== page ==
To obtain mandamus relief based on a trial court's failure to perform a ministerial duty, the relator must show that the trial court: (1) had a legal duty to perform a non-discretionary act; (2) was asked to perform that act; and (3) refused to do so. See O'Connor v. First Court of Appeals, 837 S.W.2d 94, 97 (Tex. 1992)(orig. proceeding). The Rules of Civil Procedure require a court to render a judgment following a jury trial. TEX.R.CIV.P. 300, 301. Where no irreconcilable conflict exists in a jury's findings, the trial court has a ministerial duty to enter a judgment on the verdict. Traywick v. Goodrich, 364 S.W.2d 190, 191 (Tex. 1963). A trial court's failure to proceed to judgment within a reasonable time deprives the parties of an adequate remedy at law including the right to accept or appeal the judgment. Hunt Energy Corporation v. Pirtle, No. 07-96-0257-CV, 1996 WL 671398, at *2 (Tex.App.-- Amarillo November 20, 1996, orig. proceeding)(not designated for publication). Consequently, mandamus relief is available if a trial court has failed to enter judgment within a reasonable time. See Texas State Board of Examiners in Optometry v. Carp, 388 S.W.2d 409, 417 (Tex. 1965)(writ of mandamus will issue to compel trial court to proceed to judgment); Kissam v. Williamson, 545 S.W.2d 265, 267 (Tex.Civ.App.--Tyler 1976, orig. proceeding)(compelling trial court to proceed to trial and judgment). What constitutes a reasonable time depends on the facts and circumstances of the particular case. In re Salazar, 134 S.W.3d 357, 358 (Tex.App.--Waco 2003, orig. proceeding).
Duty to Enter Judgment on the Jury's Verdict
The Real Parties in Interest do not assert, and the record does not indicate, that there is an irreconcilable conflict in the jury's findings. Consequently, the trial court has a ministerial duty to enter a judgment on the jury's verdict.
Mesa Asked Trial Court to Render Judgment
The next issue is whether the trial court was asked to render judgment. It is undisputed that Mesa filed a motion for entry of judgment on December 15, 2016, but JCT argues that the record provided by Mesa does not show that it “presented” its motion to the trial court for a ruling. The mandamus record did not initially include the reporter's record of the hearing conducted on that motion. After JCT filed its response, Mesa filed a supplemental record containing the transcription of that hearing, and it shows that the trial court conducted a five-hour hearing to address that motion as well as the post-verdict motions presented by the Real Parties in Interest. Further, Mesa has presented evidence showing that it has repeatedly asked the trial court to enter judgment since that hearing. Mesa sent a letter to the trial court on March 20, 2017, and attached a proposed final judgment which included changes from the original judgment Mesa had proposed. Mesa's letter set forth the changes in detail and explained that it made concessions in response to arguments made by the Real Parties in Interest at the February 27, 2017 hearing. Mesa both filed and emailed a letter to the trial court on June 15, 2017, requesting entry of a final judgment. Mesa again attached its proposed final judgment to this letter. On July 19, 2017, Mesa filed another letter with the trial court requesting entry of a final judgment. Based on this record, we conclude that Mesa has provided ample evidence showing it has asked the trial court to render judgment on the jury's verdict.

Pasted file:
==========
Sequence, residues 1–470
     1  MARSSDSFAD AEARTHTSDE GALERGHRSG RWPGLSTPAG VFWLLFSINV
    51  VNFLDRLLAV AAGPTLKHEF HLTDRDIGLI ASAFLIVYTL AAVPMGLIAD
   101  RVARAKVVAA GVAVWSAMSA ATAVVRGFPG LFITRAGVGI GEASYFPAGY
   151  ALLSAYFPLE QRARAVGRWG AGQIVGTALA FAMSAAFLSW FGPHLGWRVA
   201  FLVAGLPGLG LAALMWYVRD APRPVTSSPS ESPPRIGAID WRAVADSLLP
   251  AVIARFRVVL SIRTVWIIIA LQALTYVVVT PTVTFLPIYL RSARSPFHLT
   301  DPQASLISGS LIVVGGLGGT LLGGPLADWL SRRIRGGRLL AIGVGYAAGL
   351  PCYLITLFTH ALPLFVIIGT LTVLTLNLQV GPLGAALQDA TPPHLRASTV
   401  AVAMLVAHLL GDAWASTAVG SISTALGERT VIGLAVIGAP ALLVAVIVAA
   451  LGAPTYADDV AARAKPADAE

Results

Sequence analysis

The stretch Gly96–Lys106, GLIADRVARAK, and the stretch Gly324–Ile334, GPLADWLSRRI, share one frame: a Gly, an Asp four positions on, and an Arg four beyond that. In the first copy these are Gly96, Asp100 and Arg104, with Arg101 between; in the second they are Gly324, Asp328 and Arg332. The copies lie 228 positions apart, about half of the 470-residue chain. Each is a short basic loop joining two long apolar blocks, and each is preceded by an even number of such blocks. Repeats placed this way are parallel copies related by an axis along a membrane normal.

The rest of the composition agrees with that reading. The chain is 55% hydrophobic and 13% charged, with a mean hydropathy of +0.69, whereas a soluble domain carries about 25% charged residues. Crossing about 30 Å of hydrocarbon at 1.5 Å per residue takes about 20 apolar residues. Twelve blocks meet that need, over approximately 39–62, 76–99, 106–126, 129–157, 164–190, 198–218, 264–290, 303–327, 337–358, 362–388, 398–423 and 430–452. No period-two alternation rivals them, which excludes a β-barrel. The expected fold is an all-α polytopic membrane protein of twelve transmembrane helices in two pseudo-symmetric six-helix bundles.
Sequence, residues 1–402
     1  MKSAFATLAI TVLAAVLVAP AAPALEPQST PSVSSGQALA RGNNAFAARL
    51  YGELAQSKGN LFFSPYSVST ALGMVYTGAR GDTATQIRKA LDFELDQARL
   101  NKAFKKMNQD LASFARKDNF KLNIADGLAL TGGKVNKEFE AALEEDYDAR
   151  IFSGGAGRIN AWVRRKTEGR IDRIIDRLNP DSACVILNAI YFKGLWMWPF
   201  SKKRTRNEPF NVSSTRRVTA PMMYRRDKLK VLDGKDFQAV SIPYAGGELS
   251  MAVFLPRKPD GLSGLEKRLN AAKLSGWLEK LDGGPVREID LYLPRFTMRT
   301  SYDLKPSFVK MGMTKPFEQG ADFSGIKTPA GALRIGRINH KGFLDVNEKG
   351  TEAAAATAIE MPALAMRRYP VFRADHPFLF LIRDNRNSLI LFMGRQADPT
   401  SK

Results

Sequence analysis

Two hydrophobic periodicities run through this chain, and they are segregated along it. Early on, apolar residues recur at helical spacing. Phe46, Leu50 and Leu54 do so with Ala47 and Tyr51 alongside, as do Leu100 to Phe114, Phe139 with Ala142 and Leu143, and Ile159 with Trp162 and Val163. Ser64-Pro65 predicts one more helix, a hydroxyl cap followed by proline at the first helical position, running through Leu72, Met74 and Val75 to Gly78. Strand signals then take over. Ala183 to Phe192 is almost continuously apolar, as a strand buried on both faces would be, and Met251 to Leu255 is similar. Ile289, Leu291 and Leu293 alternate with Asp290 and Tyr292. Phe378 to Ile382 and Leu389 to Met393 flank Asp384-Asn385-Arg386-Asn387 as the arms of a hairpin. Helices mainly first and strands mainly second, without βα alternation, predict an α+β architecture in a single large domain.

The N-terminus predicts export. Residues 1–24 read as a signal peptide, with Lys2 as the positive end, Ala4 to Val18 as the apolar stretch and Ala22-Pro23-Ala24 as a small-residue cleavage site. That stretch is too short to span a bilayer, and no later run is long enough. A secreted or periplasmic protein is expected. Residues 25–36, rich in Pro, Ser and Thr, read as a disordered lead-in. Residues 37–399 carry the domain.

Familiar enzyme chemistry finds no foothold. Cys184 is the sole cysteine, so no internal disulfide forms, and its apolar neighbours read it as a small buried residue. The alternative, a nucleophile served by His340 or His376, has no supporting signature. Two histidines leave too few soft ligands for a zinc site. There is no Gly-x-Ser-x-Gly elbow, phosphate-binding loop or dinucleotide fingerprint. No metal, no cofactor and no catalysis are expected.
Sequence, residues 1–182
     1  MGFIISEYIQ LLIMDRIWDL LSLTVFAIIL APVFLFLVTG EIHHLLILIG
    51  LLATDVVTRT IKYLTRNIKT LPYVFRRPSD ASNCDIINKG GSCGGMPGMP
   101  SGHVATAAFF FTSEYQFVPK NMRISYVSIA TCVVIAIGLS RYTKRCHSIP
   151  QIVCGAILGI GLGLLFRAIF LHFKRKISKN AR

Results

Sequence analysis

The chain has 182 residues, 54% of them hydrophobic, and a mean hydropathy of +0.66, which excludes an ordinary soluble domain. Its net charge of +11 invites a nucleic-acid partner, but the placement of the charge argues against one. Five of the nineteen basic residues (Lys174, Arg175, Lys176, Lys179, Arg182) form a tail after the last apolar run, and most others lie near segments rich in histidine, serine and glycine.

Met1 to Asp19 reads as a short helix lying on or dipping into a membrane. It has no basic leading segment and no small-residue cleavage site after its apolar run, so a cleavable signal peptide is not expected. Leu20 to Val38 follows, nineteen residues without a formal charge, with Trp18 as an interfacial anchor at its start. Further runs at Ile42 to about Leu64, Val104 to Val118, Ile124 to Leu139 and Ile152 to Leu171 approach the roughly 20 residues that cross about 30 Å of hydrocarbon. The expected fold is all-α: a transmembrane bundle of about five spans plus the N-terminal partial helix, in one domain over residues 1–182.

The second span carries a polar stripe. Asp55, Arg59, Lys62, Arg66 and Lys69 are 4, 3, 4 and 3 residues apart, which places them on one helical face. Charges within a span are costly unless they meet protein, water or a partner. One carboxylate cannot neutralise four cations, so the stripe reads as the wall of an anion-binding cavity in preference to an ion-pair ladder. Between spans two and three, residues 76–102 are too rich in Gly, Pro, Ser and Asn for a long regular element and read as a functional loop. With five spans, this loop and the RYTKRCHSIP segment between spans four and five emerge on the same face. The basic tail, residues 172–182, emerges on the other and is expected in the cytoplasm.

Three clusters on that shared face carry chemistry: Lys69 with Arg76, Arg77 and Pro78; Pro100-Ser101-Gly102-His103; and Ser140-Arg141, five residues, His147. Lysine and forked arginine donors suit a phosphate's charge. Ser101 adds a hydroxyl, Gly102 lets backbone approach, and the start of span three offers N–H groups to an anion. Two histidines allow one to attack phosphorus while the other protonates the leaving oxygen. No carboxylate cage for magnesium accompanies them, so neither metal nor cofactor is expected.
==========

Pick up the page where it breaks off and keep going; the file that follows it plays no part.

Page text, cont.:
Refusal to Render Judgment in a Reasonable Time
The final question is whether the trial court has failed to render judgment within a reasonable time. As the Amarillo Court of Appeals has observed, “no bright-line demarcates the boundaries of a reasonable time period.” In re Chavez, 62 S.W.3d 225, 228 (Tex.App.--Amarillo 2001, orig. proceeding); see In re Salazar, 134 S.W.3d at 358. The scope of this time period is dependent upon a myriad of criteria, including the serious and complexity of the pending motion, the court's actual knowledge of the motion, the length of time the motion has been pending, the imminence of any trial setting, the court's overt refusal to act, the state of the trial court's docket, the existence of judicial and administrative matters which the trial court must first address, and the court's inherent power to control its own docket. See In re First Mercury Insurance Company, No. 13-13-00469-CV, 2013 WL 6056665, at *3 (Tex.App.--Corpus Christi-Edinburg, November 13, 2013, orig. proceeding)(mem. op.); In re Bright, No. 07-04-00426-CV, 2004 WL 2093380, at *2 (Tex.App.--Amarillo September 20, 2004, orig. proceeding)(mem. op.); In re Chavez, 62 S.W.3d at 229; see also Ho v. University of Texas at Arlington, 984 S.W.2d 672, 694–695 (Tex.App.--Amarillo 1998, pet. denied) (holding that a court has the inherent authority to control its own docket). Each case must be determined based upon the totality of the facts and circumstances. Salazar, 134 S.W.3d at 358.